OLÉ Education Fund (Bernalillo County)

The Urban Conservation Project campaign uses a series of storytelling workshops called the River Writers to help the predominantly Latino membership engage with tangible, urban conservation issues that are visibly impacting their communities. Members gather, tell their stories, voice their concerns and connections to the Río Grande, the Bosque, and New Mexico’s drought, and develop plans to impact local conservation policy. OLÉ is expanding the young River Writers to reach more youth and provide paid internships to select graduates of the program. These interns then sow the seeds of a more diverse conservation community, launching professional careers or lifelong interests in volunteering to protect Albuquerque’s land and water.

 

Somos Un Pueblo Unido (Santa Fe, Río Arriba, McKinley, San Juan, Taos, Chavez, Curry, Lea, Valencia, and Socorro counties)

The Statewide Immigrant Leadership Network initiative is expanding and strengthening the capacity of a network of church, student and community groups and allies that are working together for immigrant rights and racial justice. Somos improves communication with and between several Somos-affiliated community groups in 10 New Mexico counties, providing leadership-development training and opportunities for Latino immigrant leaders in rural and semi-rural communities and building their organizational capacity to engage in local, state and national campaigns.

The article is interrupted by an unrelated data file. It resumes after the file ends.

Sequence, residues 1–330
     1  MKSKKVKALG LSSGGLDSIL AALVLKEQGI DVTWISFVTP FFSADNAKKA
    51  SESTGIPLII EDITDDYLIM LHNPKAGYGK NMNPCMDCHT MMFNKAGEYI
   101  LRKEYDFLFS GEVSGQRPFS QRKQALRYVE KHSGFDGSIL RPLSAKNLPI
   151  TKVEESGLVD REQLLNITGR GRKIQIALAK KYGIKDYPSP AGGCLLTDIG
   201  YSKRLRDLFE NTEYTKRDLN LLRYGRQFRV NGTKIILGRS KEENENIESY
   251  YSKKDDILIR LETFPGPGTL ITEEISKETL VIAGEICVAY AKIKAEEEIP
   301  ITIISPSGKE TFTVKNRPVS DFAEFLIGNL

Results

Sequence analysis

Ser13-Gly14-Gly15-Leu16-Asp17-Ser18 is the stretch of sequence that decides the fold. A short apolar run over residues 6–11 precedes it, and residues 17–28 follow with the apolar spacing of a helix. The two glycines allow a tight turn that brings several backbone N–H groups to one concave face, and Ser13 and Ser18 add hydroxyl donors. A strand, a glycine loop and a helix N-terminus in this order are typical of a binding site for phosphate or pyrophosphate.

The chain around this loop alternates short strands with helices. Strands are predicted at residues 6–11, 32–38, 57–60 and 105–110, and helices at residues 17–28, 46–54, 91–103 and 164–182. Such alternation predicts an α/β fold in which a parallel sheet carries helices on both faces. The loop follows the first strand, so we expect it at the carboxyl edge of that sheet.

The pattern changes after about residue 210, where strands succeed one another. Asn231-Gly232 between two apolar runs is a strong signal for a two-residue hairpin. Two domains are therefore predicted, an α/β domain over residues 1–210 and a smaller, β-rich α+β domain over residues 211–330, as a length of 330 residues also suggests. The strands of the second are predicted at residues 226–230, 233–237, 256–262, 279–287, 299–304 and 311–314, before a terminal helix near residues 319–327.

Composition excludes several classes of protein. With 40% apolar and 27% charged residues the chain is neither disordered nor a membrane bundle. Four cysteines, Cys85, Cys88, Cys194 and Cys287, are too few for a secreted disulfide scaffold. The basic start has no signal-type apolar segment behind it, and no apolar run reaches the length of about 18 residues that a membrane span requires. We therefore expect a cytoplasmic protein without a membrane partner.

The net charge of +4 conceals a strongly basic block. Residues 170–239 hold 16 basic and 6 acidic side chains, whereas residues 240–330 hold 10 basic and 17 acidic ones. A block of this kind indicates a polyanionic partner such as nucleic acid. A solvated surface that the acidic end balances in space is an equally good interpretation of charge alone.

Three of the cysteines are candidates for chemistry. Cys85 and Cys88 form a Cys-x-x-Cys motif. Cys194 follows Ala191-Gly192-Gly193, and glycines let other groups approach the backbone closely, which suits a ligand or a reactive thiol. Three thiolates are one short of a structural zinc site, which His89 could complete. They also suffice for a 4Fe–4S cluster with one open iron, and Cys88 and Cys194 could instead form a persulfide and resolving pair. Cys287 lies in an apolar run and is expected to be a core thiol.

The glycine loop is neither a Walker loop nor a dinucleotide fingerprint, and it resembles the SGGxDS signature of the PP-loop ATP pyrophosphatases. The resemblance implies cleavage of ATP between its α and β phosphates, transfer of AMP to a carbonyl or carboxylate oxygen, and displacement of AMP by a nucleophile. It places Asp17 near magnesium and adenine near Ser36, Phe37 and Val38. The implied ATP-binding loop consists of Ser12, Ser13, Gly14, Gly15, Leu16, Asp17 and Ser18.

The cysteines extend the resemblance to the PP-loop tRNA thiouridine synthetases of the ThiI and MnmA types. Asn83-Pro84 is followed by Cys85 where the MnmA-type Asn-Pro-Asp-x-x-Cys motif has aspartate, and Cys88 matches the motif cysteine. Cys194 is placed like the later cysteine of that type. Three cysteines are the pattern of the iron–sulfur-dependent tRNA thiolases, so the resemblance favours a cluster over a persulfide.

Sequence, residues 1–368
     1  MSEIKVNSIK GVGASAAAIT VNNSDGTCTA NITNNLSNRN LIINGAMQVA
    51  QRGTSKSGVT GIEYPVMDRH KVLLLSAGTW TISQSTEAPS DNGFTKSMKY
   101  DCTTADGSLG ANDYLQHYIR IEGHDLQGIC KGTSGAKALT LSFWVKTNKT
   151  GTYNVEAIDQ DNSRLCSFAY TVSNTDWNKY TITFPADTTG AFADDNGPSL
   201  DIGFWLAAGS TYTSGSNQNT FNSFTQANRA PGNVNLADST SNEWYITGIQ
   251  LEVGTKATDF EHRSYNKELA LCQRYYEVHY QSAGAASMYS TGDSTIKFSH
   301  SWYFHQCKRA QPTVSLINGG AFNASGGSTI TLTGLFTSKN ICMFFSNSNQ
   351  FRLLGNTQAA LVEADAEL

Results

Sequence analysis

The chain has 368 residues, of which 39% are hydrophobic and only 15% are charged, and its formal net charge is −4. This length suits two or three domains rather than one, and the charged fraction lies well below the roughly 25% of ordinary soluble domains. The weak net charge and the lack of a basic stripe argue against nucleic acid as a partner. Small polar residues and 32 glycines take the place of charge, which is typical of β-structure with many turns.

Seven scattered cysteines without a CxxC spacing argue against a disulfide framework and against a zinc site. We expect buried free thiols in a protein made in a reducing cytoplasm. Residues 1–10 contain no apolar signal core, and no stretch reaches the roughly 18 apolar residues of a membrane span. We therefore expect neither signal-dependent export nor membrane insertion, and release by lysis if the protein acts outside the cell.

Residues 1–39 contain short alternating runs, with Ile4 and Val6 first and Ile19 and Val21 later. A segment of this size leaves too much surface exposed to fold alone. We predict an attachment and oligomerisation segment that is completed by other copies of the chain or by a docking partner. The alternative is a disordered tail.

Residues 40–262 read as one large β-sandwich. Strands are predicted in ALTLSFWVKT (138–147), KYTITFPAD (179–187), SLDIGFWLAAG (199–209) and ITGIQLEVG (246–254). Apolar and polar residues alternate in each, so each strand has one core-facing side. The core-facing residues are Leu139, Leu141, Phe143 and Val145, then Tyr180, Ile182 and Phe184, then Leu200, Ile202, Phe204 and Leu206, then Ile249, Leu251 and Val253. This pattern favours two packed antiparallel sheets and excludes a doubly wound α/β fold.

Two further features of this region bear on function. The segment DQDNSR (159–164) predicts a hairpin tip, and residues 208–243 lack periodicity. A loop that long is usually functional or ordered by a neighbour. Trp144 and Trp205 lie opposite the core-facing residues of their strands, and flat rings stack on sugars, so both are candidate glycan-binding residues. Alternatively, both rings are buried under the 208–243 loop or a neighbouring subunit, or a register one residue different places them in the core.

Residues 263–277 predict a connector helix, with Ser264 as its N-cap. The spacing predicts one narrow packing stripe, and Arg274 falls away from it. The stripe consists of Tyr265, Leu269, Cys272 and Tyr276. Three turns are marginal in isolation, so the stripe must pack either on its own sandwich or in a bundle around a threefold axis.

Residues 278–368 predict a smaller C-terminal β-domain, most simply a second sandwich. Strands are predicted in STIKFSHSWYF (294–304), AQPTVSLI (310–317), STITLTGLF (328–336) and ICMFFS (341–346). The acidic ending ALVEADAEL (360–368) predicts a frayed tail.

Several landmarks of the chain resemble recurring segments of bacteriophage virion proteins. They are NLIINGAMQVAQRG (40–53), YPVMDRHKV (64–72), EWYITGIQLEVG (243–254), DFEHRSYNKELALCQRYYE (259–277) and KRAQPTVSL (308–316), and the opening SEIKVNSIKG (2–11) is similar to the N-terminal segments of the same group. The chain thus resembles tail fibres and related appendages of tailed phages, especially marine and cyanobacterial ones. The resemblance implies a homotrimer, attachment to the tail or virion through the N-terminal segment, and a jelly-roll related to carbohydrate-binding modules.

Thoreau Community Center (McKinley County)

The Íína naas noseel or “Progressing in Life” project fosters local leadership, particularly of Navajo women, to continue their collaborative work at the Center to support positive youth development in Thoreau and surrounding rural communities including Navajo Nation chapters. This project focuses on Food Security and Hunger by expanding their community garden, incorporating more youth leadership and management, and increasing resiliency factors by extending after school snacks and meals. There is also an emphasis on Women’s Leadership by building and developing capacity to collaborate and respond to community needs.

 

The Wellness Coalition (Catron, Grant, Hidalgo, Luna, and Sierra counties)

The Southwest New Mexico Young Leaders Program connects young people ages 18 to 25 with activities, resources and training designed to empower them to work with younger teens and adolescents, ages 11 to 17, in a positive youth-development framework that celebrates youth as community and cultural assets. The Wellness Coalition utilizes its existing collaborative network of AmeriCorps Members and Service Sites to create a regional cadre of young leaders. Members serve in a variety of rural settings, from community gardens to health care to early childhood programs and conservation crews.

 

WESST (Mora, Taos and Río Arriba counties)

The Rural Women/Global Marketplace project builds upon existing collaborative relationships in several northern New Mexico rural communities, including Peñasco, Truchas, Chamisal, Mora, Villanueva and Ribera, to promote and develop entrepreneurial talent among both youth and women as a means to sustainable economic livelihoods. This project trains participants to use new skill sets to generate quality products, provides business skills training and helps participants generate earned income by pricing and selling their products at a profit. This project also provides seed money combined with zero-interest loans to sustain growth and development in these economically challenged communities.